by Drew Baumgartner and Mark Mitchell
This article contains SPOILERS. If you haven’t read the issue yet, proceed at your own risk!
Through our research, we discovered a disturbing statistic: 41% of transgender people have attempted suicide due to lack of societal acceptance. The national average is 4.6%. We were not willing to take that risk. For Ryland’s well-being, we were advised to allow him to transition as soon as possible.
Drew: I first encountered this video as part of a training session for my job at a summer camp. It’s style, mostly still photos and text, doesn’t suggest a particularly moving experience, but the focus on Ryland as an individual helps pull the statistics in the excerpt above down to the human level. That is, anyone’s half-baked opinions about gender are rendered irrelevant in light of this kid’s very real risk of suicide if not accepted for who they are. Indeed, it’s a case that skirts the issue of gender almost entirely, finding the rate of attempted suicide in the trans community to be a much more pressing issue. These are issues that affect both Dani and Caroline but how they navigate their own choices (and their reactions to each other’s choices) lends further nuance to those dry statistics.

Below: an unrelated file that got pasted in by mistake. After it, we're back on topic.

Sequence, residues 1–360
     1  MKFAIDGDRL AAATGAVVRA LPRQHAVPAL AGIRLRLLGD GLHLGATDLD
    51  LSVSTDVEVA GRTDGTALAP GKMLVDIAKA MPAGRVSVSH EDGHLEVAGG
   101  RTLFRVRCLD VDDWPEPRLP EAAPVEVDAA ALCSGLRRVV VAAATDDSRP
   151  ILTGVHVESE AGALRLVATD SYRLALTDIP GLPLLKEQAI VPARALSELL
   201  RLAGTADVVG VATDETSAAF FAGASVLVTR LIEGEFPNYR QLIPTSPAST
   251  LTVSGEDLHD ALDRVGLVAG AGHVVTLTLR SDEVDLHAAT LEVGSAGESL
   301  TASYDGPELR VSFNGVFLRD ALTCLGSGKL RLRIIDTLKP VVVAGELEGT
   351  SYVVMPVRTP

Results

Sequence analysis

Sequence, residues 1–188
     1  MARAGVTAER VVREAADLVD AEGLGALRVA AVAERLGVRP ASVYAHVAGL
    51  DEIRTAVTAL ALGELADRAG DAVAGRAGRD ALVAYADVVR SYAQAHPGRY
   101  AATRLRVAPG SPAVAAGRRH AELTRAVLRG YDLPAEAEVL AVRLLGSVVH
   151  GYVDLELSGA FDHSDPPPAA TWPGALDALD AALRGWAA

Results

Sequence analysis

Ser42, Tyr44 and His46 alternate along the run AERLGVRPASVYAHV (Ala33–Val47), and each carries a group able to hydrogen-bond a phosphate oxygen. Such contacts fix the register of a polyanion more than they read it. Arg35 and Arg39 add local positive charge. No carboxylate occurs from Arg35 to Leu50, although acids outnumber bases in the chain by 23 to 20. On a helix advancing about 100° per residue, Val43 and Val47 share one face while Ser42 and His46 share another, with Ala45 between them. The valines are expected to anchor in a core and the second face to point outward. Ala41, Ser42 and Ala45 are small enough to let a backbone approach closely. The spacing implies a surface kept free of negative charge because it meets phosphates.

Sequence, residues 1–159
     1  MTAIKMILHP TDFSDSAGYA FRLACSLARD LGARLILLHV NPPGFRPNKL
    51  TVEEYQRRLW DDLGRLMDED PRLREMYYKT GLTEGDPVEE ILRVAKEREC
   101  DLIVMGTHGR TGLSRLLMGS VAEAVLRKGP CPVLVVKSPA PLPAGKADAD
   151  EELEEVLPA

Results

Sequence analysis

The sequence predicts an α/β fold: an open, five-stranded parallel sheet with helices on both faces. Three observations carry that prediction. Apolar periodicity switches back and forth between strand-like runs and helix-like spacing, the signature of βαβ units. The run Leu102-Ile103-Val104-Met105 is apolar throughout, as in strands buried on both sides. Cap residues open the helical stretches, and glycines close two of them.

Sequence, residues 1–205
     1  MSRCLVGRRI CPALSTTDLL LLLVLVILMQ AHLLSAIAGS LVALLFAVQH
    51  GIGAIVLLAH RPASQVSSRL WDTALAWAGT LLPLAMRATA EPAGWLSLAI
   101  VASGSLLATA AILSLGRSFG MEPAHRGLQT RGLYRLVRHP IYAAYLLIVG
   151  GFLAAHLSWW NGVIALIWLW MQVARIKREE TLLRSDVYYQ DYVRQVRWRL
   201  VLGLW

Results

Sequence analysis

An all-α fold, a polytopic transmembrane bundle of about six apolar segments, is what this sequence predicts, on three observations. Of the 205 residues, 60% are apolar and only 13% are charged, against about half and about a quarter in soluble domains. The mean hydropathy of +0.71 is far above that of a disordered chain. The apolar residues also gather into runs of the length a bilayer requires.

Many of the themes of identity and suicide have been flowing so freely in this series, it’s been hard to pin them down to any concrete ideas, but Magdalene Visaggio and Sonny Liew reorient us on a human, relational level with an opening flashback to the start of Caroline’s “administrative leave.” Caroline asks Dani what it was like to transition, if it felt “weird to become someone else?” Dani’s response distills everything I learned from that video into a single, pithy worldview:
It just so happens that Caroline seems to have made the opposite choice.
But time and again, Viaggio and Liew point us back to Dani’s experience as a kind of guidepost to Caroline, reminding us of the central allegory of this series. And the more nuanced point is that this isn’t really a one-time choice, but an ongoing series of choices. Or, more optimistically, that this first choice is a moment of change that allows life to get better. But to get there, Dani first lays out why that moment of inflection is so intimidating.